Native American

Articles
Quote banners( Politics)
Quote banners (Spirituality)
Catholic Priest child abuse
Native American Spirituality
Native American genocide
Canadian Holocaust
American Indian Movement (AIM)
60,000 Americans coercively sterilized
White missionaries
Leonard Peltier

Russell Means
Navajo Nation
Lakotah
Four Corners lung disease
Thanksgiving

The Truth About Hair and why Indians would keep their hair long

Native American tobacco helps smokers kick the habit and repair their lungs

Where White Man Went Wrong

Quanah Parker
Geronimo

Quotes
Don Juan

You can't wake someone who is pretending to be asleep.--Native American Proverb

"White man goes into his churches to talk about Jesus, the Indian into his Tepee to talk to Jesus (with Peyote etc)."--Quanah Parker

"Prescott Bush, George W's grandfather, and a band of Bonesmen, robbed the grave of Geronimo, took the skull and some personal relics of the Apache chief and brought them back to the tomb," says Robbins. "There is still a glass case, Bonesmen tell me, within the tomb that displays a skull that they all refer to as Geronimo." http://www.cbsnews.com/stories/2003/10/02/60minutes/main576332.shtml

“The Sioux (aka Lakota) Indians of Minnesota must be exterminated or driven forever beyond the borders of the state.” – Minnesota Governor Alexander Ramsey

Products
Dogmocassins - Gloves for your feet!
Indian Maid Products Inc

Books
[2012] IN THEIR OWN WORDS—NATIVE AMERICAN VOICE OF THE AMERICAN REVOLUTION by Alan Fitzpatrick

[1881] A Century of Dishonor by Helen Hunt Jackson

News
CENSORED NEWS Indigenous Peoples and Human Rights
Indian Country Today Media Network.com


A product of U.S. Army-sanctioned mass slaughter of American bison in the 1800s, these bison skulls are waiting to be ground for fertilizer, most likely in the American midwest. The slaughter was so “effective” that the population of bison in the U.S. is estimated to have dropped from around 60 million in 1800 to as few as 750 in 1890.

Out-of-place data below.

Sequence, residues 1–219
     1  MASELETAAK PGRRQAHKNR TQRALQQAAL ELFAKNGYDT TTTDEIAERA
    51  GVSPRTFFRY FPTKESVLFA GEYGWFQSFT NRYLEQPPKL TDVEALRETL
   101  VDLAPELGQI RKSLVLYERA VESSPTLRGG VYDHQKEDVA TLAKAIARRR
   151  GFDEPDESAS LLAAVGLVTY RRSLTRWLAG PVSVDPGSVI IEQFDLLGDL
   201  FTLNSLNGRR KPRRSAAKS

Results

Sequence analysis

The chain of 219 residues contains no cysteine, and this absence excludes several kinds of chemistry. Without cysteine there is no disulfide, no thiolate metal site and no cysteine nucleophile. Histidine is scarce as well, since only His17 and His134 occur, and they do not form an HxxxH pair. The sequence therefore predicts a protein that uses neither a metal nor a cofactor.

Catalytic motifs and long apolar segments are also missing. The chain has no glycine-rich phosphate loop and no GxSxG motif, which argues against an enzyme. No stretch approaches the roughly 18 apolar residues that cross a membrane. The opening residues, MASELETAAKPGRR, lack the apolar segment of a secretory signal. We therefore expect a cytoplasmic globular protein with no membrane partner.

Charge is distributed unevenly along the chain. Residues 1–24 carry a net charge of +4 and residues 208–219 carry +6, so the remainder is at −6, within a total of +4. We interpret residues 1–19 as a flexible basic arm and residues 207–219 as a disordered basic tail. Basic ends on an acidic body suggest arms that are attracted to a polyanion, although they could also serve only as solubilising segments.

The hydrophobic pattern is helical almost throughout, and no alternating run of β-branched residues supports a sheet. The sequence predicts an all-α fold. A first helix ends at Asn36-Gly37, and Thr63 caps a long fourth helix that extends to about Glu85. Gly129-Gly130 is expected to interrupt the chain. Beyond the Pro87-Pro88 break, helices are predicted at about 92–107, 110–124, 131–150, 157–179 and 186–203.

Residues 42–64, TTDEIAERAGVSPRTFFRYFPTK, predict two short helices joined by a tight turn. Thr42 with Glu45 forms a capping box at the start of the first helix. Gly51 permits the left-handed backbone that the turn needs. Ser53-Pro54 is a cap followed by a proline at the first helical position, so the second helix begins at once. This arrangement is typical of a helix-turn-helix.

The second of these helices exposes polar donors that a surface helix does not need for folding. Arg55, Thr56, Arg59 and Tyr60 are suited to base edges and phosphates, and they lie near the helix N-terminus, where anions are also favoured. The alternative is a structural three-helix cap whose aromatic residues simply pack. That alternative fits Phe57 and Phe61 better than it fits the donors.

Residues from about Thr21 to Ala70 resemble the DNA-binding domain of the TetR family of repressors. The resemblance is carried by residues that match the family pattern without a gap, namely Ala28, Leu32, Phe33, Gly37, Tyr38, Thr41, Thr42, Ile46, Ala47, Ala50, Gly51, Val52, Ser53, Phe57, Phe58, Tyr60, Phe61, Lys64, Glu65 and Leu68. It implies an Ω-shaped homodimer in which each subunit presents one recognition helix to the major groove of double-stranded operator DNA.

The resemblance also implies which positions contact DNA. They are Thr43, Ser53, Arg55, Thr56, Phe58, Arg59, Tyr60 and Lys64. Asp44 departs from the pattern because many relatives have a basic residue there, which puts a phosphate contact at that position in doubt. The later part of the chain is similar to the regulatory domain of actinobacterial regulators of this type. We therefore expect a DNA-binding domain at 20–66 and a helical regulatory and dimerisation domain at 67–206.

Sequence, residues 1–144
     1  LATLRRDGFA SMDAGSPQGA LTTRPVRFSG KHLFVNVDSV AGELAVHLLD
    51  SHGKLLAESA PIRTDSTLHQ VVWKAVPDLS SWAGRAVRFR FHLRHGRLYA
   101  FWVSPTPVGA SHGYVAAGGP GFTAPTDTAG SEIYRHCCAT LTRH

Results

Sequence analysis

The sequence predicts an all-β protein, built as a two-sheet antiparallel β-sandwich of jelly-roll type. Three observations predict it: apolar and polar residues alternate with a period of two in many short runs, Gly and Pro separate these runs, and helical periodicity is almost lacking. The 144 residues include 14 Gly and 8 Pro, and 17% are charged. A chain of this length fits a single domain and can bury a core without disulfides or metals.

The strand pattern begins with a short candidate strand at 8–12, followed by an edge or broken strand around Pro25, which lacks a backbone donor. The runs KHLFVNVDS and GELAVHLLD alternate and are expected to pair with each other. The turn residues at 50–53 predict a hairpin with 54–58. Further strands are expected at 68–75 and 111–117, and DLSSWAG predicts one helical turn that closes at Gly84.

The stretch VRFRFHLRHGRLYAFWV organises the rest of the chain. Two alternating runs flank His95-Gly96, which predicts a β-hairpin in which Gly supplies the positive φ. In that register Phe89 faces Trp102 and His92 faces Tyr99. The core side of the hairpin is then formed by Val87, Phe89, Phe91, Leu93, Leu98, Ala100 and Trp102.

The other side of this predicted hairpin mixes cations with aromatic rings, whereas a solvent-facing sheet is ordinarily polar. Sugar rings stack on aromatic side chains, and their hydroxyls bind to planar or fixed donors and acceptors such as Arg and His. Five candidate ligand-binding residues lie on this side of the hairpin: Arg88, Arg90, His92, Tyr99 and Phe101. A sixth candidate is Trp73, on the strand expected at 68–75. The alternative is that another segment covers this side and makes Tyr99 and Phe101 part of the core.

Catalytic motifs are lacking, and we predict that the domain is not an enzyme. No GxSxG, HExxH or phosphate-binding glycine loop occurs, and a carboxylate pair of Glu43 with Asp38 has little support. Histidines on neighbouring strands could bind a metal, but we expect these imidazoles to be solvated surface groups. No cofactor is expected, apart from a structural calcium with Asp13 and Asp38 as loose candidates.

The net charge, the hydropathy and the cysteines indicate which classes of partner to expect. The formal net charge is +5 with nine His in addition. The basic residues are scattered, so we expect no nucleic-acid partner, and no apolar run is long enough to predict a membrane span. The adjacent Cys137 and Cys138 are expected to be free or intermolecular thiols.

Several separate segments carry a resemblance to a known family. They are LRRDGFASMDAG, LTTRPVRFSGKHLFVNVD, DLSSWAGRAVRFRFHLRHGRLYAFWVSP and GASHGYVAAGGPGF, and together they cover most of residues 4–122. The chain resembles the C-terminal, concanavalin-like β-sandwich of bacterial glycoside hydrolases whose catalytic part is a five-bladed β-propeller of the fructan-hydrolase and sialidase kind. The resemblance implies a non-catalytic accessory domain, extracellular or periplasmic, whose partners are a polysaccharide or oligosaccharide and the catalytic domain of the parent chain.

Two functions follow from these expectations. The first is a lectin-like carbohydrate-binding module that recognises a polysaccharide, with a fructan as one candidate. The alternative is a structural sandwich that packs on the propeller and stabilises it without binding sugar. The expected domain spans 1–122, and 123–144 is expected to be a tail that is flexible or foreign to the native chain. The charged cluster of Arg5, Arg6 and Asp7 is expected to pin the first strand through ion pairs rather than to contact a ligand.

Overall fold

Chief Little Wound with his wife and son. (1899 Heyn Photo)

[2006] Nanyehi - Nancy Ward - The last of the Ghigua. My Cherokee (Nanyehi) Lineage by Mary Sutherland The Cherokee were a matriarch society, where the women were equal to the men. Clan kinship followed the mother's side of the family. The children grew up in the mother's house, and it was the duty of an uncle on the mother's side to teach the boys how to hunt, fish, and perform certain tribal duties. The women owned the houses and their furnishings. Marriages were carefully negotiated, but if a woman decided to divorce her spouse, she simply placed his belongings outside the house.... In the Cherokee society , your Clan was your family. Children belonged to the entire Clan, and when orphaned were simply taken into a different household. Marriages were often short term, and there was no punishment for divorce or adultery. Cherokee women were free to marry traders, surveyors, and soldiers, as well as their own tribesmen. Cherokee girls learned by example how to be warriors and healers.

“Before our white brothers arrived to make us civilized men, we didn’t have any kind of prison. Because of this, we had no delinquents. Without a prison, there can be no delinquents. We had no locks nor keys and therefore among us there were no thieves.When someone was so poor that he couldn’t afford a horse, a tent or a blanket, he would, in that case, receive it all as a gift. We were too uncivilized to give great importance to private property. We didn’t know any kind of money and consequently, the value of a human being was not determined by his wealth. We had no written laws laid down, no lawyers, no politicians, therefore we were not able to cheat and swindle one another.We were really in bad shape before the white men arrived and I don’t know how to explain how we were able to manage without these fundamental things that (so they tell us) are so necessary for a civilized society.” - John (Fire) Lame Deer, Sioux Lakota, 1903-1976.”  Open Your Eyes

 


Piegan man and woman by a river. Montana. 1912. Photo by Roland W. Reed with hand-coloring by JoHannas Anderson.